Hippocampal CA1 region neurodegeneration produced by ethanol withdrawal requires activation of intrinsic polysynaptic hippocampal pathways and function of N-methyl-D-aspartate receptors.

TitleHippocampal CA1 region neurodegeneration produced by ethanol withdrawal requires activation of intrinsic polysynaptic hippocampal pathways and function of N-methyl-D-aspartate receptors.
Publication TypeJournal Article
JournalNeuroscience
Volume124
Issue4
Pagination869-77
Date Published2004
ISSN0306-4522
Abstract

Long-term intake of ethanol produces adaptive alterations in multiple transmitter systems in the hippocampal formation that likely contribute to ethanol withdrawal-induced seizure and excitotoxicity. The present studies were designed to examine the role of N-methyl-d-aspartate receptor activation and cytosolic Ca(2+) accumulation in the neurotoxic effects of ethanol withdrawal. Further, these studies investigated the role of hippocampal network excitation in promoting both Ca(2+) accumulation and neurotoxicity during ethanol withdrawal. Chronic, continuous (11 day) exposure to ethanol (91 mM starting concentration) did not produce neurotoxicity in any region of organotypic hippocampal explants, as measured by uptake of the non-vital fluorescent marker propidium iodide. Withdrawal from chronic (10 day) ethanol exposure was associated with rapid (30 min) and significant increases in intracellular Ca(2+), assessed by visualization of Calcium-Orange fluorescence, in each region of hippocampal explants. However, neurotoxicity was observed 24 h after initiation of withdrawal and was only seen in the cornu ammonis 1 (CA1) region. Exposure to MK-801 (20 microM) at the start of ethanol withdrawal markedly attenuated Ca(2+) entry in all regions, as well as, CA1 region neurodegeneration. Further, treatment of explants with tetrodotoxin (500 nM) as well as surgical transection of mossy fiber or Schaffer collateral projections immediately prior to ethanol withdrawal blocked both regional increases in Ca(2+) accumulation and CA1 neurotoxicity. These data suggest that neurodegeneration observed during ethanol withdrawal is dependent upon polysynaptic propagation of action potentials ("network excitation") and whole-hippocampal excitation of glutamatergic systems.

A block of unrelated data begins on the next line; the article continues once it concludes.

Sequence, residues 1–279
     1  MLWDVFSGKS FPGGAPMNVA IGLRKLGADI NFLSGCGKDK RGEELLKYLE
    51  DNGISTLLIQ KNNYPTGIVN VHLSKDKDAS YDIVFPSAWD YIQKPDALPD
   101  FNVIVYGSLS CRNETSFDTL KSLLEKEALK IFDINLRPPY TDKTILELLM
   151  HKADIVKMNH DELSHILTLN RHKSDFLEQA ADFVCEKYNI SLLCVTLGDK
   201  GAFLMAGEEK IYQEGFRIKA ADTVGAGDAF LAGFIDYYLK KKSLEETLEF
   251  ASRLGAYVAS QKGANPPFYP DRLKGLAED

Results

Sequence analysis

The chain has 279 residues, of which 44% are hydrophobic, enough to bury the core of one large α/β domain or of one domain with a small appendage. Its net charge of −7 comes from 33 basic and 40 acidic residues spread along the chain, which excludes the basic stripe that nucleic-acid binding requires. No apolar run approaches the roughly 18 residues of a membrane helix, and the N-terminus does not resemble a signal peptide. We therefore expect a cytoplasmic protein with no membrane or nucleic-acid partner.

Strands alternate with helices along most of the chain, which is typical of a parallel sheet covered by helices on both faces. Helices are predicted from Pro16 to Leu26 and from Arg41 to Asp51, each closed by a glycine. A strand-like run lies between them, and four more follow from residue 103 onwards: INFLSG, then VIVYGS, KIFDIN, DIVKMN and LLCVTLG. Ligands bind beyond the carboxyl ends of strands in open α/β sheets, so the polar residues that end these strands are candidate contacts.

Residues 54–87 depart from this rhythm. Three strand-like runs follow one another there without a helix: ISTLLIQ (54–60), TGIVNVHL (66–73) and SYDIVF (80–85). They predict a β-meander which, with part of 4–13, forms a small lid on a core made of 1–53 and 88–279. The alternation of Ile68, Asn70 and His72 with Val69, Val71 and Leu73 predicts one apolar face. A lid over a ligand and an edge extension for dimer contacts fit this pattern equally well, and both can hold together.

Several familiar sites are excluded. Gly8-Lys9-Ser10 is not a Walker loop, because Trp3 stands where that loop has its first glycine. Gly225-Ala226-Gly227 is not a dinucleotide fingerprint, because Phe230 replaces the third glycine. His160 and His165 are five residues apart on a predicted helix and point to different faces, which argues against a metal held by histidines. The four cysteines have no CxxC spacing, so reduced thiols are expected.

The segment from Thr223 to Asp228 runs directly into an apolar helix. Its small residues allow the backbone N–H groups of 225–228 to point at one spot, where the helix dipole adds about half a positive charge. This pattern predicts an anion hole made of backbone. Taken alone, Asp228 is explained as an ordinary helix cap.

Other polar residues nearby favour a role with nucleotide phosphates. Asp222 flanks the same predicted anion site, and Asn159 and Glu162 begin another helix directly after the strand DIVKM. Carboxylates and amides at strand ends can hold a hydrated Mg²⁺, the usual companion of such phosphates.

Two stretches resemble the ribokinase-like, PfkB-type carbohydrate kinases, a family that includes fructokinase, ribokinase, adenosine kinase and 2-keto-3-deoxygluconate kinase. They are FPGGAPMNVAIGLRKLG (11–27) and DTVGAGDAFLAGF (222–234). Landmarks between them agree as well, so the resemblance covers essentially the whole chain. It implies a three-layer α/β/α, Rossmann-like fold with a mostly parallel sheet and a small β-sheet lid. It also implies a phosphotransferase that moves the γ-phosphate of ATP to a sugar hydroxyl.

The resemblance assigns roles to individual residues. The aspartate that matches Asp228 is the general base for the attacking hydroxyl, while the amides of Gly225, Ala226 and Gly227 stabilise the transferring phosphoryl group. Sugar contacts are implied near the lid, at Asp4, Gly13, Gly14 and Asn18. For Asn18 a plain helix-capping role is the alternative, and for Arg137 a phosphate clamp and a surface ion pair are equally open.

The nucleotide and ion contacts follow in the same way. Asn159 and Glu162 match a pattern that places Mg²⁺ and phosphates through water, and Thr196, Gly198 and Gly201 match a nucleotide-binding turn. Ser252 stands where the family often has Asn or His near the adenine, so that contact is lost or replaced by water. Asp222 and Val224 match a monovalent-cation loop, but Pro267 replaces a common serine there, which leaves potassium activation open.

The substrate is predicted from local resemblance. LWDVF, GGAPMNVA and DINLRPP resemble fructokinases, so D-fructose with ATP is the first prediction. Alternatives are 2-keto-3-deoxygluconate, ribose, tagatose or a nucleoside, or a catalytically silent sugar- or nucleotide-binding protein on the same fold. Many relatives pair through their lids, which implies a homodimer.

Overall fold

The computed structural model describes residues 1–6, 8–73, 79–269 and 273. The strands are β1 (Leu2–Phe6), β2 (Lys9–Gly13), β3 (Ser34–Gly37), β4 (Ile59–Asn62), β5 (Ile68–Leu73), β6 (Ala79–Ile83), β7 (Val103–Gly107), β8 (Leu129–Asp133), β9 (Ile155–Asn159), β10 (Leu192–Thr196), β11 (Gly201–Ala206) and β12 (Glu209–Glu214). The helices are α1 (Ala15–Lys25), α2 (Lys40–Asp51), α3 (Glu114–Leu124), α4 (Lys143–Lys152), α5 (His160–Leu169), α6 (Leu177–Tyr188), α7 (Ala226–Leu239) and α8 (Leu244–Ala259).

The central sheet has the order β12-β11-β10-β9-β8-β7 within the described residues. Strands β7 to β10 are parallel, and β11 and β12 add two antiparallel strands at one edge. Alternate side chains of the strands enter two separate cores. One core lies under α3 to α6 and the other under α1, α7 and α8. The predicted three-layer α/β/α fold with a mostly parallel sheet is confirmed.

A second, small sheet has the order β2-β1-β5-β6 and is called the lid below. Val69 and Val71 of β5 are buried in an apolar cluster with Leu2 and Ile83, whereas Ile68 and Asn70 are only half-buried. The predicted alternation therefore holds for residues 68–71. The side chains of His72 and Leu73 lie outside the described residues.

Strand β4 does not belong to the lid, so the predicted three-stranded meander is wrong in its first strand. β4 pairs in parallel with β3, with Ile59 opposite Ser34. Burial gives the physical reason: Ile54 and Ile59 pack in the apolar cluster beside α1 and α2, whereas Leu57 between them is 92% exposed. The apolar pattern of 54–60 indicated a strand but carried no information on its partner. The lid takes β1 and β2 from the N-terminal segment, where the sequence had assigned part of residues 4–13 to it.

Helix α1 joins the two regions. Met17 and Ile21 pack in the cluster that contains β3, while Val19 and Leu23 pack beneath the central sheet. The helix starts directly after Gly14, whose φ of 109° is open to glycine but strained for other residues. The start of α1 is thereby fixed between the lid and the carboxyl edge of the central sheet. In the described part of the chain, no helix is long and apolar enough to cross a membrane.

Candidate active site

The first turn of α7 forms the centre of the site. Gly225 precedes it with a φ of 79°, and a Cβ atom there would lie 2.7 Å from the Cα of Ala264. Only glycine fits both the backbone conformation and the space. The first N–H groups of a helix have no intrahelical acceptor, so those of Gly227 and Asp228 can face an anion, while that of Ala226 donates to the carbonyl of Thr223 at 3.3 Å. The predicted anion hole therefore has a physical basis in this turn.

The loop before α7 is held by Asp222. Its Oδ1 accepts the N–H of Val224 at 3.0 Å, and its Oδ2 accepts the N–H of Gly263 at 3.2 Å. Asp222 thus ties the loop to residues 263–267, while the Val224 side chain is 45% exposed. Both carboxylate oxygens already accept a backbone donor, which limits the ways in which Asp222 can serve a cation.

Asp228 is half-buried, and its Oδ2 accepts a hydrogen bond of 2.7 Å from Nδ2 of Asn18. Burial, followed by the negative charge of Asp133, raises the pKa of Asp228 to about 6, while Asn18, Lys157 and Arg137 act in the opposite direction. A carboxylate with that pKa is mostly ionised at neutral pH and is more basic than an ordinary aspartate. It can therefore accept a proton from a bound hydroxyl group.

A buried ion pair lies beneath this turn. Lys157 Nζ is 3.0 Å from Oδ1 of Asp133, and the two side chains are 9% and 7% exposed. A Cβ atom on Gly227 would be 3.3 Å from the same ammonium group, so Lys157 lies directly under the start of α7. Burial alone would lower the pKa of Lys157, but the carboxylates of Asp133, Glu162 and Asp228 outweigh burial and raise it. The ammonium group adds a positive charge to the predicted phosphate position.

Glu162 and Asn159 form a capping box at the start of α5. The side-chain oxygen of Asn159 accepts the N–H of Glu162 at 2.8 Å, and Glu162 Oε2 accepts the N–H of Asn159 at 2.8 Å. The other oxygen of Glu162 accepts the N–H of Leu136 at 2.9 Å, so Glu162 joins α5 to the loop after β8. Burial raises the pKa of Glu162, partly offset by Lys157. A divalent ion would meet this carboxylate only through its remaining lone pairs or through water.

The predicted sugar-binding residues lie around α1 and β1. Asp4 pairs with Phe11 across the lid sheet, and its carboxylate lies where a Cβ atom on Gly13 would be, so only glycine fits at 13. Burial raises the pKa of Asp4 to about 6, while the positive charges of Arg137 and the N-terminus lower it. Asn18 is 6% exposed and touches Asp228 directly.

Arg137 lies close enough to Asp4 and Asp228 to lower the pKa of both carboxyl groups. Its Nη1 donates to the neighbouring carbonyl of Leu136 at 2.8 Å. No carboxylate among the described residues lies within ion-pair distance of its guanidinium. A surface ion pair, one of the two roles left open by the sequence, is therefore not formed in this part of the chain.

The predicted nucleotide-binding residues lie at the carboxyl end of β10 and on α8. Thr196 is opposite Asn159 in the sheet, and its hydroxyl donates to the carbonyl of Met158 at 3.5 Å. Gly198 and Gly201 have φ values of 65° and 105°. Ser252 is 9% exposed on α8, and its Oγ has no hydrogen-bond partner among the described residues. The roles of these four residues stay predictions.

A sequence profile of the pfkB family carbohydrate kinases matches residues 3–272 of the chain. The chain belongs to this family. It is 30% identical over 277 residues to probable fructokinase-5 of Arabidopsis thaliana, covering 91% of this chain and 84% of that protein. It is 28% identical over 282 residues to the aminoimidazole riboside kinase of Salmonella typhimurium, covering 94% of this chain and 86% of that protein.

URLhttps://linkinghub.elsevier.com/retrieve/pii/S0306452203009345
DOI10.1016/j.neuroscience.2003.12.013
Short TitleNeuroscience
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